Behind Closed Doors: Return of "You Might Be an OR Nurse If ..."
It's funny how nursing's routines infiltrate our lives.
Paula Watkins, RN, CNOR
It's been nearly 9 years since I wrote "You Might Be an Nurse If...," a list of 34 universal truths about this thing of ours called surgical nursing (tinyurl.com/k4bla73). A few funny-then, funny-now samples from one of my favorite columns:
- You think the best photo of yourself is the one on your ID badge.
- Your cabinet at home has more of those blue containers left over from sterile packs than it has dishes. (One has even replaced your butter container.)
- When you're bathing or showering, you start from the center and wash out, like you do on a prep.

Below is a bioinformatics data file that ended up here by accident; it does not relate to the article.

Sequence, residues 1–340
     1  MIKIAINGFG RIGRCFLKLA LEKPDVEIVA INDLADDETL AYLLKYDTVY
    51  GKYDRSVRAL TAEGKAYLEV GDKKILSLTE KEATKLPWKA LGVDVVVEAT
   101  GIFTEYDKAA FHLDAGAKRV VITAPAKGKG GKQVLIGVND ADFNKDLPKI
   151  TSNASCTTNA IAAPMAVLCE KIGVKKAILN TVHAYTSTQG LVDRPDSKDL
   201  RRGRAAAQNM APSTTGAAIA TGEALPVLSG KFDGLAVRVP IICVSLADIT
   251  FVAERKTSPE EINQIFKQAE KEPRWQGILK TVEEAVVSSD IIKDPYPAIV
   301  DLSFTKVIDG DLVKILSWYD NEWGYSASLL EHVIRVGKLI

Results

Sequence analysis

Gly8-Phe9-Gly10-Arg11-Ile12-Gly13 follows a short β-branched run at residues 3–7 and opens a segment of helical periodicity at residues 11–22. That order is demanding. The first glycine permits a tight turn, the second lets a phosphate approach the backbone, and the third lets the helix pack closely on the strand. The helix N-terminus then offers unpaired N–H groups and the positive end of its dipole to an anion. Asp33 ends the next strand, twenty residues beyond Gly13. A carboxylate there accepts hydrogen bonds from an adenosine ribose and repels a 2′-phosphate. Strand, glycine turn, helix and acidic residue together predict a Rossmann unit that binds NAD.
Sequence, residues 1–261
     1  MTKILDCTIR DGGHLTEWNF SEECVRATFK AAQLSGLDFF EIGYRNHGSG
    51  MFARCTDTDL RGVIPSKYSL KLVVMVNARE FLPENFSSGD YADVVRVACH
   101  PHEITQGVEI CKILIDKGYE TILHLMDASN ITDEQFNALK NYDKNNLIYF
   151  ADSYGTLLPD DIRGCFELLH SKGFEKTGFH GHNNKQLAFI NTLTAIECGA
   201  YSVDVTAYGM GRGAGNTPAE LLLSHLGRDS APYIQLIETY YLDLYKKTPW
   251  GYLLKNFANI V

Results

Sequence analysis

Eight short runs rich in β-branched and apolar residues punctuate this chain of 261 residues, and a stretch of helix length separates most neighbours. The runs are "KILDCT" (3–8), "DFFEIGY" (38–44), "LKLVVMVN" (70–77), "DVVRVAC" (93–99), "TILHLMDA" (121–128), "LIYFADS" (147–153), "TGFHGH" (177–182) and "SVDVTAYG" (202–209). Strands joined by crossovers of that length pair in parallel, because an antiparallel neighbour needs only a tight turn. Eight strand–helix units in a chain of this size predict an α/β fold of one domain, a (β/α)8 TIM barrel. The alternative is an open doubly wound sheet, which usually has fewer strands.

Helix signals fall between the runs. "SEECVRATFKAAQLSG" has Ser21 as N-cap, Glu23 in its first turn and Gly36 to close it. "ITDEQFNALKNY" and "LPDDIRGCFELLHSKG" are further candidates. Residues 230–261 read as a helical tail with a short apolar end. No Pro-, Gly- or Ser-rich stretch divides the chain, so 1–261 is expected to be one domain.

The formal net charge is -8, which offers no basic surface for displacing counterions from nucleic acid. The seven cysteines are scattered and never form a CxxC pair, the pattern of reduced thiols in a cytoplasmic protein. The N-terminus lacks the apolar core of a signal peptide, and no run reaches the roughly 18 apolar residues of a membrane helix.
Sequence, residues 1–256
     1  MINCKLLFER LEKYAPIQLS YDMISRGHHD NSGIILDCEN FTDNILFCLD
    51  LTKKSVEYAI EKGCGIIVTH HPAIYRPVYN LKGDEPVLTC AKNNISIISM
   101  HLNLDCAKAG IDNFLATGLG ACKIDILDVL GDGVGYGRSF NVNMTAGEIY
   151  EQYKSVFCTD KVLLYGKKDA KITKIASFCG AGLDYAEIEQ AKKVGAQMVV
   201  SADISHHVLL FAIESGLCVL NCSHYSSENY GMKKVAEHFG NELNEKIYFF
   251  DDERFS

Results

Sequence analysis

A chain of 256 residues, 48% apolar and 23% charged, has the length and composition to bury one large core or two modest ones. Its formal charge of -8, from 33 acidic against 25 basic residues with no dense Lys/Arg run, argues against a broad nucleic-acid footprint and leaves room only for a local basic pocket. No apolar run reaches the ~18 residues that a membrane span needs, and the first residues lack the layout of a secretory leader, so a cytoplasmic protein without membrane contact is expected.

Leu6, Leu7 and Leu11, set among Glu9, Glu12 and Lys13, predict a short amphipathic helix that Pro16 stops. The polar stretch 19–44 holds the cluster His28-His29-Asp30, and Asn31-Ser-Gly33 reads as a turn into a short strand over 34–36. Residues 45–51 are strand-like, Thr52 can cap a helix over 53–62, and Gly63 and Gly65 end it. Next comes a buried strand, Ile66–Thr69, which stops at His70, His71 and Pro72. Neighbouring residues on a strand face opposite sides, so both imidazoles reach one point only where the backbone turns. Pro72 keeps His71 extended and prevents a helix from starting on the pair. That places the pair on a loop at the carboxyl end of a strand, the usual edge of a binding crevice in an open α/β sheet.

- You do a better shave prep on the patient than you do on your own areas that need a shave.
- Multiple pairs of scrubs at home are slowly replacing your other clothes and you're actually taking them on trips with you as loungewear.
- You can look at a tissue specimen and start to plan what you're going to cook for supper that night.
"So true!" many of my readers remarked back then. Since that time, I've had more traveling OR nurse assignments then I can remember. Here are a few more quirky habits that seem natural to us but might seem strange to those on the outside.
- Scrubbing in at the rest stop. During a recent highway pit stop, I washed my hands at one of those sinks where the faucet was operated by a motion detector that turns the water on. It's a great idea for public restrooms. I wondered if it had ever been put to use in surgical scrub sinks: that might make things easier. As I finished rinsing, the water was still running and I noticed that my right leg jumped up, as if by reflex, searching for the place where I'd normally turn the water off. Lord knows what OR I thought I was going into.